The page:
Paul Davidson, USA TODAY
Published 6:03 a.m. ET Nov. 23, 2020 | Updated 8:01 a.m. ET Nov. 23, 2020
A new coronavirus stimulus deal is still in the works between Democrats and Republicans, bu they can't agree on a conclusion.
As coronavirus cases surge to records, dealing another blow to the nation’s health and economy, the federal safety net that propped up financially battered households is set to vanish unless a divided Congress can break a monthslong impasse.
At the end of the year, millions of unemployed Americans will lose jobless benefits. Tenants can be evicted from their apartments. People with student debt will have to resume payments. Small businesses will lose a critical financial lifeline.
President-elect Joe Biden’s administration and a new Congress are likely to reinstate most or all of the relief programs, analysts said, but their interruption could disrupt lives and cause additional financial heartache during the worst economic crisis since the Great Depression.
“The economy will be operating without a safety net in January,” Bank of America economists wrote in a research note Friday.
Treasury Secretary Steven Mnuchin told CNBC Friday that he and GOP lawmakers will try to work with Democrats to draft targeted relief legislation in the coming weeks. The parties have been deadlocked for months: The Democratic-controlled House passed a $2.2 trillion measure, but Senate Republicans favor a $500 billion package.
The federal assistance, which bolstered the recovery from an unprecedented pandemic-induced recession, was included in the $2 trillion Coronavirus Aid, Relief and Economic Security Act passed by Congress or authorized by President Donald Trump’s executive actions.
The CDC extended a moratorium on evictions to Dec. 31. (Photo: Getty Images)
Here’s a look at the programs set to run out:
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About 12 million Americans will lose their unemployment insurance Dec. 26 when two coronavirus aid programs expire, according to estimates by the Century Foundation, a nonprofit think tank. They include 4.6 million workers who will have exhausted their 26 weeks of state jobless benefits and received an additional 13 weeks under the Pandemic Emergency Unemployment Compensation (PEUC) program. Those emergency benefits will end even for workers in the middle of their 13 weeks. An additional 4.4 million workers will have exhausted their PEUC aid by late December.
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About 3 million of those who lose PEUC checks are eligible for an additional round of “extended benefits” for up to 20 weeks from 18 states whose unemployment rates are high enough to trigger the relief, according to the Century Foundation and Michele Evermore, senior policy analyst at the National Employment Law Project, a worker advocacy group.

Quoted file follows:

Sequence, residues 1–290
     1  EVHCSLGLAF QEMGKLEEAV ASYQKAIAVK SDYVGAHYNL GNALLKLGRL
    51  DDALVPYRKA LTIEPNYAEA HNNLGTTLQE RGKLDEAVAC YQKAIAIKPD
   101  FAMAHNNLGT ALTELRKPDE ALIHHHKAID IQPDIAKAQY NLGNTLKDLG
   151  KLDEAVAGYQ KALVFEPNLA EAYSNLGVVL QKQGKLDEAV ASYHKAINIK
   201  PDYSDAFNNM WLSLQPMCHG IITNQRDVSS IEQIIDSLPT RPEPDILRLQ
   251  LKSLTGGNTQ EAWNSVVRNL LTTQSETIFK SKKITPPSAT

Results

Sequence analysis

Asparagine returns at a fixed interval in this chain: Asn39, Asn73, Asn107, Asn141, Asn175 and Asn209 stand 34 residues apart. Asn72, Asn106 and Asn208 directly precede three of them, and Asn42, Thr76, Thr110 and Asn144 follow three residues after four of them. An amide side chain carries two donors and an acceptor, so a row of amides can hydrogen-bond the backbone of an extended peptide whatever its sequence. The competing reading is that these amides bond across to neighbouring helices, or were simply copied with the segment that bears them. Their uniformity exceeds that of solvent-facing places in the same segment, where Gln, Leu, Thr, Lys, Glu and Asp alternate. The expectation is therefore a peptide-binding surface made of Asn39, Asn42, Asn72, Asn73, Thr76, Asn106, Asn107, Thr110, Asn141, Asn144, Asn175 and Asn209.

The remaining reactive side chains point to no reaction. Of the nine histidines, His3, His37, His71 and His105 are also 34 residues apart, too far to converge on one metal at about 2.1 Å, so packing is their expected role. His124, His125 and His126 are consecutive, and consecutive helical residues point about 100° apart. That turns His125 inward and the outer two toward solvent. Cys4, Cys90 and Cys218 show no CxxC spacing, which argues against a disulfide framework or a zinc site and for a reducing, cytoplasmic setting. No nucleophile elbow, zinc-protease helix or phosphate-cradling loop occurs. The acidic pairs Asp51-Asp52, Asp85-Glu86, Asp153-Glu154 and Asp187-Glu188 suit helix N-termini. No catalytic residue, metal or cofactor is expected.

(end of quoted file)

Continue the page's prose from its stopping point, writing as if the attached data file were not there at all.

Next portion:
An additional 7.3 million workers will lose their Pandemic Unemployment Assistance – benefits doled out to workers who traditionally aren’t covered by jobless aid, including the self-employed, independent contractors and workers caring for sick relatives.
“Tens of millions of people are going to go to zero (in income) in the dead of winter in the middle of a pandemic,” Evermore said.
The evaporation of the assistance will hurt the economy as jobless Americans sharply rein in their spending, said Heidi Shierholz, senior economist at the left-leaning Economic Policy Institute. That would reduce first-quarter economic growth by 1.2 percentage points, Bank of America estimated.
In September, the Centers for Disease Control and Prevention extended a moratorium on evictions to Dec. 31 and expanded it to cover all tenants – not just those in apartment buildings financed by a federally backed mortgage such as Fannie Mae, as the Coronavirus Aid, Relief and Economic Security Act required.
The moratorium has been riddled with loopholes, said Shamus Roller, executive director of the National Housing Law Project. Tenants had to declare that they couldn’t pay partial rent and first sought other assistance, and many landlords successfully challenged such claims in court, Roller said. Still, he said, the moratorium shielded from eviction millions of tenants who lost their jobs in the crisis.